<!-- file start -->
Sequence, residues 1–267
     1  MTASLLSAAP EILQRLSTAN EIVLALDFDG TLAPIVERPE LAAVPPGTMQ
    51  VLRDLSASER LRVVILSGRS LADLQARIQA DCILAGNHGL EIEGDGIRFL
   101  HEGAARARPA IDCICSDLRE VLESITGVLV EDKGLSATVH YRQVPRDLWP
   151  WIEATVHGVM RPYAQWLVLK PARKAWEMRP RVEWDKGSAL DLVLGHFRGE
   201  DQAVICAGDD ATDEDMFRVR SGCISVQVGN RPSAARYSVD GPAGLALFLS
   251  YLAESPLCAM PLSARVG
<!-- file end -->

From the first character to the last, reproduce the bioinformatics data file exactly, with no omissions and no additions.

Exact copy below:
Sequence, residues 1–267
     1  MTASLLSAAP EILQRLSTAN EIVLALDFDG TLAPIVERPE LAAVPPGTMQ
    51  VLRDLSASER LRVVILSGRS LADLQARIQA DCILAGNHGL EIEGDGIRFL
   101  HEGAARARPA IDCICSDLRE VLESITGVLV EDKGLSATVH YRQVPRDLWP
   151  WIEATVHGVM RPYAQWLVLK PARKAWEMRP RVEWDKGSAL DLVLGHFRGE
   201  DQAVICAGDD ATDEDMFRVR SGCISVQVGN RPSAARYSVD GPAGLALFLS
   251  YLAESPLCAM PLSARVG